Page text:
Hands On: Nokia Lumia 625

By Pat Pilcher


It seems these days that there's a Nokia Lumia for every occasion, and now the Finnish (erm American?) phone giant has launched the Lumia 625 which is a budget 4G Windows Phone device featuring a roomy screen, pleasing design and as would be expected from Nokia, solid build quality.

Look and Feel
The 625 looks, sports a roomy 4.7" LCD capacitive multi-touch screen, and has a colourful swappable outer case (the review unit I tested came with a funky road cone orange cover), which handily also means that there's no obvious seams or joins on its body. This made figuring out where to plunk a SIM and micro SD card an interesting exercise until I finally relented and engaged in some RTFM (reading the flipping manual).

The Lumia 625 is available in a range of seriously vivid colours ranging from orange, red, green and yellow, as well as a more business-like black or white. The vivid covers not only make it next to impossible to lose, but also means that it bears a close resembles to the soon to be launched iPhone 5c and is a real attention grabber. Lots of people asked if they could take a gander at it.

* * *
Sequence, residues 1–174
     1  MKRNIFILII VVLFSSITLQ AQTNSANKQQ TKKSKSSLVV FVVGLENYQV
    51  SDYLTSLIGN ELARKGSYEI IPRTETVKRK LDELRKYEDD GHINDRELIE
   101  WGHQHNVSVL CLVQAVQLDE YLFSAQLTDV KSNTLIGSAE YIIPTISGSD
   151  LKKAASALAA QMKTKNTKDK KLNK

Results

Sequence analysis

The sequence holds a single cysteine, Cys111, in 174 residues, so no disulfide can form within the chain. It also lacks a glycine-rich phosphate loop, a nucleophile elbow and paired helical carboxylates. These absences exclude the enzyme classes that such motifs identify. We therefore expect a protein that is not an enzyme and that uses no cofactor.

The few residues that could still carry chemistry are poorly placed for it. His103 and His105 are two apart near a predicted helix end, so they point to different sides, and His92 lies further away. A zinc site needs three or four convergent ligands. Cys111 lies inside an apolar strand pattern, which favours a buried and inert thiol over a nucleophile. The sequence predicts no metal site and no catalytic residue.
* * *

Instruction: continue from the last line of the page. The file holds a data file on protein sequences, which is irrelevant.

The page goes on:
Even though it is on the big side for a smartphone, the 625's smooth rounded back meant that it felt comfy. From ergonomics perspective it also ticked a lot of boxes - even if at 160g it felt a tad heavy compared to similarly sized devices such as the HTC's One X. In practice, its curved back and seamless edges meant that there was plenty for my fingers to grip and extended calls were conducted in relative comfort.

In Use
The Lumia 625's build quality was great - even though it is clearly a plastic budget phone. Unlike other similarly priced Android handsets, the 625's thick plastic body didn't creak or flex with normal use and about the only real hint of the 625's budget parentage was its relatively tiny 8GB of internal memory.

Thankfully flipping off the 625's outer shell also revealed a microSD slot. As handy as this is, having to cough up extra cash for storage is annoying, especially when memory is such an affordable component and budget buyers simply don't want to spend extra because, well, they're on a budget. So how about it phone makers? More memory please.

Grizzles about storage aside, the 625 definitely impressed. Even though its 4.7-inch display is a relatively low res 480 x 800 199ppi affair, it was still bright and roomy (which made typing on its touch screen keyboard a hassle-free undertaking).

I also discovered during one particularly cold Wellington day that the 625 also supports Nokia's glove-friendly Sensitive Touch technology, meaning the 625 is smitten with mittens. Sadly the 625's display doesn't have what Nokia calls ClearBlack. As a result blacks take on a bluish hue, and viewing angles could also be better. On a more positive note, the 625's screen performed brilliantly under direct sunlight.